One of the Gordian knots of cosmology is the missing mass of the Universe. There is irrefutable evidence that visible matter accounts for only four percent of the Universe’s mass. The remaining 96 percent is invisible of which 73 percent is attributed to a pervasive “dark energy,” believed to be manifestation of an extremely powerful repulsive force that is causing the expansion of the Universe to accelerate. The additional 23 percent is thought to be dark matter whose origin obviously is the many black holes spread throughout the cosmos. However, their total mass does not add up to account for all the dark matter.

To address this issue, in 1971, Hawking advanced the idea that in the intergalactic space, there may be “mini” black holes with very small masses ‒ much smaller than the mass of the Earth ‒ yet numerous enough to account for most of the unaccounted dark matter. He hypothesized that they may have been formed during the first instants of chaos following the Big Bang when matter existed in a hot, soupy plasma. Since mini black holes have not been detected so far, Hawking lamented: “This is a pity, because if they had, I would have got a Nobel Prize.”

During the 1980s, Hawking devoted much of his time contributing to the theory of cosmic inflation ‒ the expansion of the Universe at an exponential pace before settling down to expand at a slower pace. In particular, he demonstrated how minuscule variations in the distribution of matter during this period of expansion, known as the Planck era, helped shape the spread of galaxies in the Universe.

As noted above, the core remnant of a high-mass star would eventually collapse all the way to a point ‒ a so-called singularity. Having said that, singularities are places where laws of physics break down. Consequently, some very strange things may occur near them. As suggested by Hawking, these strange things could be, for instance, gateway to other universes, or time travel, but none has been proved, and certainly none has been observed. These suggestions cause serious problems for many of our cherished laws of physics, including causality ‒ the idea that cause should precede the effect, which runs into immediate problem if time travel is possible ‒ and energy conservation, which is violated if matter can hop from one universe to another through a black hole.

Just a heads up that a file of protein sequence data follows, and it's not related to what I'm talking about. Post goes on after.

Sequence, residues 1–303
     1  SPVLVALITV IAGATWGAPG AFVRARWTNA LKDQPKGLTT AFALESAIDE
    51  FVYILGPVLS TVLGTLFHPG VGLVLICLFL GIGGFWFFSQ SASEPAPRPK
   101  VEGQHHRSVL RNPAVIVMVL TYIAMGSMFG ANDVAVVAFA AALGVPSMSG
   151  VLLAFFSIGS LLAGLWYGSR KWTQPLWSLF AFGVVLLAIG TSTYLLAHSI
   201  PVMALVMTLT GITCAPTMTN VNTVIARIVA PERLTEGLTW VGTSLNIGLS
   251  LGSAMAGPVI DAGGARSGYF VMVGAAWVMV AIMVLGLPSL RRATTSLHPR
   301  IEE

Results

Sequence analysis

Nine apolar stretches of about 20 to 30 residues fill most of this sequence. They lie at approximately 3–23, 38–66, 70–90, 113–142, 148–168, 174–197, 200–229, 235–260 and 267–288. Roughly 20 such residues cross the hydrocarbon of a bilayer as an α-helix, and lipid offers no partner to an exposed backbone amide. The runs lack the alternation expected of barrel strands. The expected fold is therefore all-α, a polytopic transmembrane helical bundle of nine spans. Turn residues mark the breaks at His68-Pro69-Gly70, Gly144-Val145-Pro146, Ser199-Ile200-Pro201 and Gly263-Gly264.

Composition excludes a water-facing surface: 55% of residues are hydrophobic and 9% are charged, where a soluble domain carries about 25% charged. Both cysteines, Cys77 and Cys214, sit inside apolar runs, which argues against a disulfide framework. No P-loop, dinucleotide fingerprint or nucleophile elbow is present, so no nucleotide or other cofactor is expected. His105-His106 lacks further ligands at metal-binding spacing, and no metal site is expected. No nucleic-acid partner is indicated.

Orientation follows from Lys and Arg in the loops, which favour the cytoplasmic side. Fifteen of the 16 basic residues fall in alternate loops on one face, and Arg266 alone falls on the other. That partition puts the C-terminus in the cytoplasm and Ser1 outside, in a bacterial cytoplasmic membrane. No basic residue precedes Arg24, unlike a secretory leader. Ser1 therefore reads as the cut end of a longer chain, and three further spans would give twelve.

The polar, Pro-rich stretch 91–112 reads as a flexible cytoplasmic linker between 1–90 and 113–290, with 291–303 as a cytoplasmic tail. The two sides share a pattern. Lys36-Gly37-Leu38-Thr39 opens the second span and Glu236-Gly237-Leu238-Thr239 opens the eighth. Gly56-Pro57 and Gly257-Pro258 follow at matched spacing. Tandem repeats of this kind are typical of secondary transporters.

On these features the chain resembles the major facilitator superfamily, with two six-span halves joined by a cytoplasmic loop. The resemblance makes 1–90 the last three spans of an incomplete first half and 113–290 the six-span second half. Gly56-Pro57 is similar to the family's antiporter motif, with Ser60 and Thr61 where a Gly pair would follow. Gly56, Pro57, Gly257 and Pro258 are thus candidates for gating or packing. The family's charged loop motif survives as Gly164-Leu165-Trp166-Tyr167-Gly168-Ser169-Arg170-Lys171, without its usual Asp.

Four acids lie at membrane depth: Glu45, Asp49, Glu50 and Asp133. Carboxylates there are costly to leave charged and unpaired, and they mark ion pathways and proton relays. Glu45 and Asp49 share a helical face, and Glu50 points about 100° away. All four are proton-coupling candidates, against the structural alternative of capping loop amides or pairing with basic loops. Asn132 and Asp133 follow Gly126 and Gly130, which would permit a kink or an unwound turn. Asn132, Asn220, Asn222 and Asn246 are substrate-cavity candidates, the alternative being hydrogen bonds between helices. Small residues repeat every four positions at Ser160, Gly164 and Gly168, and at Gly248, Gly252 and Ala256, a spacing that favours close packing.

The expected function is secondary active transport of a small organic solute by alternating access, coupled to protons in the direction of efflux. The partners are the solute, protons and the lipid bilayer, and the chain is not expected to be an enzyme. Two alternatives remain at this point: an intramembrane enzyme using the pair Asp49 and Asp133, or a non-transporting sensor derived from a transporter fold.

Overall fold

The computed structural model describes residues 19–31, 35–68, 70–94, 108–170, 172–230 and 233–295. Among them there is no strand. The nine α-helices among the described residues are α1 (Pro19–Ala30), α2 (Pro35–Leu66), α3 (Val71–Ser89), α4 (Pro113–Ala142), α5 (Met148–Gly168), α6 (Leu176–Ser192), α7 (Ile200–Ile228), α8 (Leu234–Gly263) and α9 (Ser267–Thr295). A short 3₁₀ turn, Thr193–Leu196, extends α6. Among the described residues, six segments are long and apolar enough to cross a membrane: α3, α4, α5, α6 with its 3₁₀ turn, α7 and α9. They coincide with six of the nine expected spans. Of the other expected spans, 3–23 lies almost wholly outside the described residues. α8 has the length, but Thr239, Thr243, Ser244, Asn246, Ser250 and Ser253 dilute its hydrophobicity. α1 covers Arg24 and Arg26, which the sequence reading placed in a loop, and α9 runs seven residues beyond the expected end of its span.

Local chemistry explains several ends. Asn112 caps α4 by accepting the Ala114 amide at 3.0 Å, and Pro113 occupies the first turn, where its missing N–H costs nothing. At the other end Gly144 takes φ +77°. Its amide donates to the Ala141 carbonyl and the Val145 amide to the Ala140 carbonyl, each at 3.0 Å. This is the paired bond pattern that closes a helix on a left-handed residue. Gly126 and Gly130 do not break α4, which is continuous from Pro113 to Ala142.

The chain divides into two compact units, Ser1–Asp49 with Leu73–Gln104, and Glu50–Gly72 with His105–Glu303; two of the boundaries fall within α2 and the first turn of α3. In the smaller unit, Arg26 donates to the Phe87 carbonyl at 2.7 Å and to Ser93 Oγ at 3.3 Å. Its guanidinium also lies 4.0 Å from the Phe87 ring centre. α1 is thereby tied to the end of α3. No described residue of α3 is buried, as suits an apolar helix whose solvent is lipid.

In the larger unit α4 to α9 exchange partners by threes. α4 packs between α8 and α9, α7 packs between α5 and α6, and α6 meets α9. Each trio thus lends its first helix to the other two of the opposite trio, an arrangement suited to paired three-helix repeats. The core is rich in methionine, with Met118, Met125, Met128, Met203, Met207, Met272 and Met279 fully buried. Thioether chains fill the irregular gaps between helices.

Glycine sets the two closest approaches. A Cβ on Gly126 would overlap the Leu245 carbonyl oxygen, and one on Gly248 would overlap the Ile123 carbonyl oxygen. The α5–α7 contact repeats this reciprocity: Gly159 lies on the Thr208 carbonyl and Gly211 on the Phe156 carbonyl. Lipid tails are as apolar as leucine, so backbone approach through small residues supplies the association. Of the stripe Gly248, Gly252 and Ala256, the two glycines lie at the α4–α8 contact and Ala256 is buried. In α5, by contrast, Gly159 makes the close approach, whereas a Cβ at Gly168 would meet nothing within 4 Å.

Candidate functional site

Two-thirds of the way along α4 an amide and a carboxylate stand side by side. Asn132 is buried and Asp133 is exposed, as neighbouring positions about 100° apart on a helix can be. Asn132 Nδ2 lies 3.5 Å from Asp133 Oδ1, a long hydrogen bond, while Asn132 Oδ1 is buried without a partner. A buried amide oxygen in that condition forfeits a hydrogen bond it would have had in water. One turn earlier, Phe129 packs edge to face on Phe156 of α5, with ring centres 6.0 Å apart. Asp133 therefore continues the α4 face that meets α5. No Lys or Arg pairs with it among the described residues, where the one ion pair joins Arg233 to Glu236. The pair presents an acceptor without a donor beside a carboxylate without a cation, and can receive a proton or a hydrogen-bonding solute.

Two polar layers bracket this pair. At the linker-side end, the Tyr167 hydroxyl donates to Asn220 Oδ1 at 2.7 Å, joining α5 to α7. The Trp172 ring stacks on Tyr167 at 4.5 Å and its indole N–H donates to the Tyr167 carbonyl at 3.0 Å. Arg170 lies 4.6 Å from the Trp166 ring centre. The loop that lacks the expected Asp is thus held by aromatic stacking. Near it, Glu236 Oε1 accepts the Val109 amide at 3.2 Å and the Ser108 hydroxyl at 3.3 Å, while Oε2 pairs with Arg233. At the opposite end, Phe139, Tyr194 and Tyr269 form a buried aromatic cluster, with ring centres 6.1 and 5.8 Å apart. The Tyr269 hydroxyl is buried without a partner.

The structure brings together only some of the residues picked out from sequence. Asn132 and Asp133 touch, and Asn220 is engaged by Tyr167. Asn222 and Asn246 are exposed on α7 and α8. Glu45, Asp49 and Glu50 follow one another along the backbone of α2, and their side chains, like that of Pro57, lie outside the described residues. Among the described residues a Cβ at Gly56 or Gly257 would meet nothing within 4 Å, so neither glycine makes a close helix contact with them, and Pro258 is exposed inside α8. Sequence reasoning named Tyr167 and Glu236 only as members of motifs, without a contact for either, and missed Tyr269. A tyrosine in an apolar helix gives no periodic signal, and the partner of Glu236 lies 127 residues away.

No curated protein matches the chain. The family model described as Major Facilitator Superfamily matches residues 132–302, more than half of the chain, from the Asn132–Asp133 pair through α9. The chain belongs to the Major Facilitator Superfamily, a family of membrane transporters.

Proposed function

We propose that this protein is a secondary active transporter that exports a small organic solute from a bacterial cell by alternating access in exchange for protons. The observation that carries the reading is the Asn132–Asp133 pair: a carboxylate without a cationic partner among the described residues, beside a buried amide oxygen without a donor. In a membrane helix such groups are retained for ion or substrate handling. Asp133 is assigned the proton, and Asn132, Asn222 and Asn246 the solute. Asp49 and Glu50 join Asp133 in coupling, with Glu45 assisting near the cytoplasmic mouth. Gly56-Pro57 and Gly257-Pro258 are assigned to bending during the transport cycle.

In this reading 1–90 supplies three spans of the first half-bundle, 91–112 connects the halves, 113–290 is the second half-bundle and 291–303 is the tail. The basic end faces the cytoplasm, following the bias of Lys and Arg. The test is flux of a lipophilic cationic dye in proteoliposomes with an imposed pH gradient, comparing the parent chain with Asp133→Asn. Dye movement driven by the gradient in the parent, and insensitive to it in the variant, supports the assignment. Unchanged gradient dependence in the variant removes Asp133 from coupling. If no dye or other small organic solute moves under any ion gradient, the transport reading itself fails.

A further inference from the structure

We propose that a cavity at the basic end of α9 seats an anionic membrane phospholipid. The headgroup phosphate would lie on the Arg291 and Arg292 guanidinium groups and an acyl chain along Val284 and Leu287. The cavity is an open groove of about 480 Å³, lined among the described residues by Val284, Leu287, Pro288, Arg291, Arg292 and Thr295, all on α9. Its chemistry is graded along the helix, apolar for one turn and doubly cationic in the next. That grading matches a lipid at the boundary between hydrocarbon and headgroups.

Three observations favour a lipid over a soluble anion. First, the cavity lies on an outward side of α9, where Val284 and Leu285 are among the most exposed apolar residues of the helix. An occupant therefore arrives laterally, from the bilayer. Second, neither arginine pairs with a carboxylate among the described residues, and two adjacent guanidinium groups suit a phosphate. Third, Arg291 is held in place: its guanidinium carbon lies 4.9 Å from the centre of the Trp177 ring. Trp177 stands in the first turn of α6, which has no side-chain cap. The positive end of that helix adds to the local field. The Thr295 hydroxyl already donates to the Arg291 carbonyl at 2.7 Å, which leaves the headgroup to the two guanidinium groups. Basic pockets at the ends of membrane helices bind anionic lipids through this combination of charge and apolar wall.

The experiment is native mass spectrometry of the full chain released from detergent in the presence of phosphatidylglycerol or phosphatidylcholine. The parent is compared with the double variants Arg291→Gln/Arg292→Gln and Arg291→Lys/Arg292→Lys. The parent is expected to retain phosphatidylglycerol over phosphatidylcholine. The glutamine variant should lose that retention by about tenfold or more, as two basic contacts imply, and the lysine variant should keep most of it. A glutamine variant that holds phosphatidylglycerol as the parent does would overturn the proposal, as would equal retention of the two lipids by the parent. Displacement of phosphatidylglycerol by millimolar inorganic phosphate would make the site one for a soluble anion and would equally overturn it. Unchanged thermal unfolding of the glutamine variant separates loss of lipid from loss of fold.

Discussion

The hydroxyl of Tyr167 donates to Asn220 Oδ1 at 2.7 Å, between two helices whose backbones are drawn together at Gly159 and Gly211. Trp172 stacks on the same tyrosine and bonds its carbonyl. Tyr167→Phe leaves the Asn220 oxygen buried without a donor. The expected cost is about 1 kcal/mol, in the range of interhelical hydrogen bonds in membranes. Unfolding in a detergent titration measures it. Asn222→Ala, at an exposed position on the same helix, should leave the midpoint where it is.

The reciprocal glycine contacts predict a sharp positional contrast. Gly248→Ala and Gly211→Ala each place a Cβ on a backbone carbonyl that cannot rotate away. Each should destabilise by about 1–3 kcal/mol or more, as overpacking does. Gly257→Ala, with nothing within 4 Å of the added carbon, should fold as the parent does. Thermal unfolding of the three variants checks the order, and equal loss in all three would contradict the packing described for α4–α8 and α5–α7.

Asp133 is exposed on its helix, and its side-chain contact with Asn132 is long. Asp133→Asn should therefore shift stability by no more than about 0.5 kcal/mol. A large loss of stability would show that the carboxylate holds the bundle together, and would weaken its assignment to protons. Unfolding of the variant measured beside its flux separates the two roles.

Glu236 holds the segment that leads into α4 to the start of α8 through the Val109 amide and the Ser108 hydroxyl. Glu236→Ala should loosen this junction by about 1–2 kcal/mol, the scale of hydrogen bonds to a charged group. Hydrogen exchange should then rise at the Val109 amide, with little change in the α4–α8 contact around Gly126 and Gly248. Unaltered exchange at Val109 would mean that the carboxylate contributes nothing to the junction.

While scientists know Hawking for his work on cosmology, millions of others know him because of his book “A Brief History of Time.” His lucid explanation of the mechanism leading to the creation of the Universe, our place in it, how we got there, where did space and time come from, and where we might be going made the notoriously difficult subject of cosmology more understandable to the layperson.
In a follow-up book titled “The Grand Design,” Hawking outlines his consuming quest for the long-dreamed-of “Theory of Everything,” the quantum theory of gravity. Such a theory would unify the two pillars of twentieth century physics, general relativity and quantum theory.

Known as the M-Theory (M stands for Mother-of-All), it would enable us to understand all phenomena in space-time, especially the first split second of cosmic creation, when everything was unimaginably small and densely packed.

Hawking was about as pure an atheist as one can be. He dismissed the existence of an omnipotent by noting that “regularities in the motion of astronomical bodies such as the sun, the moon, and the planets suggested that they were governed by fixed laws rather than being subjected to the arbitrary whims of gods and demons.” Nevertheless, in December 2016, he had a surprising but cordial encounter with Pope Francis at a convention on Big Bang in Rome.

Besides being a genius, Hawking’s celebrity status derives from his spunk in the face of physical adversity. Born on 8 January 1942 in Oxford, England, Hawking was diagnosed with a debilitating, incurable neuromuscular disorder, commonly known as motor neurone disease (MND), when he was just 21 years old. Although doctors predicted that he has only two more years to live, he lived another 55 years and died on 14 March, 2018. There are some interesting anecdotal coincidences. Hawking was born on the 300th anniversary of Galileo’s death and died on the 139th anniversary of Einstein’s birth. Following his cremation, his ashes will be interred on 15th June 2018 in Westminster Abbey’s nave, next to the grave of Isaac Newton and close to Charles Darwin.